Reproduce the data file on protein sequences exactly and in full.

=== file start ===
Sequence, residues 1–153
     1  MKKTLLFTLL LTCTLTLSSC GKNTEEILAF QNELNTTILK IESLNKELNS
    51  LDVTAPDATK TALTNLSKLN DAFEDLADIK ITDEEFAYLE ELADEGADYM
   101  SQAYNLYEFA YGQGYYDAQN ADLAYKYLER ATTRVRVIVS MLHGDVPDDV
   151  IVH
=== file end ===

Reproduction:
Sequence, residues 1–153
     1  MKKTLLFTLL LTCTLTLSSC GKNTEEILAF QNELNTTILK IESLNKELNS
    51  LDVTAPDATK TALTNLSKLN DAFEDLADIK ITDEEFAYLE ELADEGADYM
   101  SQAYNLYEFA YGQGYYDAQN ADLAYKYLER ATTRVRVIVS MLHGDVPDDV
   151  IVH